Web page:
Makepkg (Italiano)

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Notes: please use the first argument of the template to provide more detailed indications. (Discuss in Talk:Makepkg (Italiano)#)
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Template:I18n entry Template:I18n entry Template:I18n links end makepkg is used for compiling your own packages suitable for Pacman to use. It uses a script-based build system which can download and validate source files, check dependencies, configure build time settings, build the package, install the package into a temporary root, make customizations, generate meta-info and package the whole thing up. As you can see makepkg has a lot of features, the basics of which are described below.

Setting Things Up

ABS - The Arch Build System

First make sure you have all the necessary tools installed in order to run abs/makepkg and to actually compile software from their sources:

pacman -Sy base-devel

Answer 'Y' or just press Enter.

You could now run abs to fetch all the PKGBUILDs and associated files from which the original Arch packages are being built:

abs

That will recreate the CVS hierarchy under /var/abs on your harddrive. By default some repositories are disabled; you'd have to edit /etc/abs/abs.conf first and remove the exclamation marks.

As /var/abs is normally owned by root (it's part of the 'filesystem' package) and most people and guides assume for you to build packages inside /var/abs/local, you need to allow your user to access it:

groupadd abs
gpasswd -a $USER abs
chown root:abs /var/abs/local
chmod 775 /var/abs/local

Makepkg

If you want to be able to install dependencies with makepkg as user (with makepkg -s, see below) you need to install sudo and add yourself to /etc/sudoers using this line:

<user> <hostname>=/usr/sbin/pacman

Next you need to decide where you want your finished packages to be placed, for instance you could have them under your home directory under a separate folder. You can also skip this step, and your packages will be created in the same directory where you've started makepkg.

Create the directory:

mkdir /home/$USER/packages

Then modify the PKGDEST variable in /etc/makepkg.conf accordingly.

While you're at it, you could also have a look at the other values in makepkg.conf. For example, you could edit PACKAGER, or remove the ! from docs in the default OPTIONS array, in case you don't want the /usr/share/doc/<package> directory to be deleted by makepkg. See makepkg.conf(5) for more.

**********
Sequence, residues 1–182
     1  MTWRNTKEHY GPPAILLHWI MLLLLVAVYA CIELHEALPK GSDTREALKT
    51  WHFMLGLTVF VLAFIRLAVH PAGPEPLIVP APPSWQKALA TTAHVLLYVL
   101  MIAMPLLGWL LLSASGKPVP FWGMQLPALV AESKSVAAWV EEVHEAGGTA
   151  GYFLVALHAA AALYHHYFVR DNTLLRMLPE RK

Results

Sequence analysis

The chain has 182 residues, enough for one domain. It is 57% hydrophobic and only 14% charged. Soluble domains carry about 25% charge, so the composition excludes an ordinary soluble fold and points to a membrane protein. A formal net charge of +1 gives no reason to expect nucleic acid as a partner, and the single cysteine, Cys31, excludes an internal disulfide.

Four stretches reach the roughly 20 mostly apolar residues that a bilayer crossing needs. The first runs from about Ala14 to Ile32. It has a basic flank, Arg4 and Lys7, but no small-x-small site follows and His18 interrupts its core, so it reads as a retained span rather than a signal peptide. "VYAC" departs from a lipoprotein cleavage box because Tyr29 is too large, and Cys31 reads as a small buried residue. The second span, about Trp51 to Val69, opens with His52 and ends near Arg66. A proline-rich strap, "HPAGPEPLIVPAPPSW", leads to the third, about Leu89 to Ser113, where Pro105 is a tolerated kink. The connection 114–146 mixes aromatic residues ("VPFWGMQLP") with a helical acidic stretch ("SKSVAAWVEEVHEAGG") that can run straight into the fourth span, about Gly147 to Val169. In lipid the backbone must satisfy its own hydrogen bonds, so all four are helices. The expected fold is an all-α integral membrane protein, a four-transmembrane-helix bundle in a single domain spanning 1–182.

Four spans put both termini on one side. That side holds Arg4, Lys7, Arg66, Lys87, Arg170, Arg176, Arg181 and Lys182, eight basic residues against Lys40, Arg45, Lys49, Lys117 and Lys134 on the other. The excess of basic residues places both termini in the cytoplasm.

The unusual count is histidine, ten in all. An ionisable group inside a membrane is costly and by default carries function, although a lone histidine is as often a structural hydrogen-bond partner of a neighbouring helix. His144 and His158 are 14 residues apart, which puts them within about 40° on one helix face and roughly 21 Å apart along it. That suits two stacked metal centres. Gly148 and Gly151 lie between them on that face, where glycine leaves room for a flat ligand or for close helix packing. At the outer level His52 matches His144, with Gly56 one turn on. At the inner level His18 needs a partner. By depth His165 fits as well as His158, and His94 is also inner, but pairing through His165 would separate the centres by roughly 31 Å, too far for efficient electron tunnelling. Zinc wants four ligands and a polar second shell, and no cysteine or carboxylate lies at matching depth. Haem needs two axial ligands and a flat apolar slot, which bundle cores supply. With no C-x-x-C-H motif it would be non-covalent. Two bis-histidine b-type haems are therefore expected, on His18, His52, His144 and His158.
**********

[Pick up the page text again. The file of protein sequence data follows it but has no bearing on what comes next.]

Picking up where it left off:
Building a Package

To build a package you either need to create one as described at The_Arch_package_making_HOW-TO_-_with_guidelines, or obtain one from AUR or ABS (see above) or some other source. You should be careful where you obtain your packages from and only install those from people and sources you trust.

Say you found an excellent package on AUR that you wanted to build and install (in this example we will use "rufus", a Python based bit torrent client). You can obtain the PKGBUILD and all files needed from its AUR page, click on the "Tarball" link.

cd /path/to/file
tar -zxf rufus.tar.gz
cd rufus

You will notice there are a number of files located under this directory, including the PKGBUILD script that is used to build your package. To build this package just issue (as your normal user):

makepkg

which will then set up, download and attempt to build your package. If you don't have all the required dependencies installed, makepkg will warn you before failing. To build your package and install these dependencies, simply use the command:

makepkg -s

Note that these dependences will need to be in your configured repositories. Alternatively, you can manually download the packages first using pacman -Sy dep1 dep2 etc.

Once you have satisfied all the dependencies and your package builds successfully you should now have the rufus-0.7.0-1.pkg.tar.gz file in the directory you run makepkg in. To install it (as the root user) issue:

pacman -U rufus-0.7.0-1.pkg.tar.gz

Congratulations! You now have successfully installed your own package!

Useful Links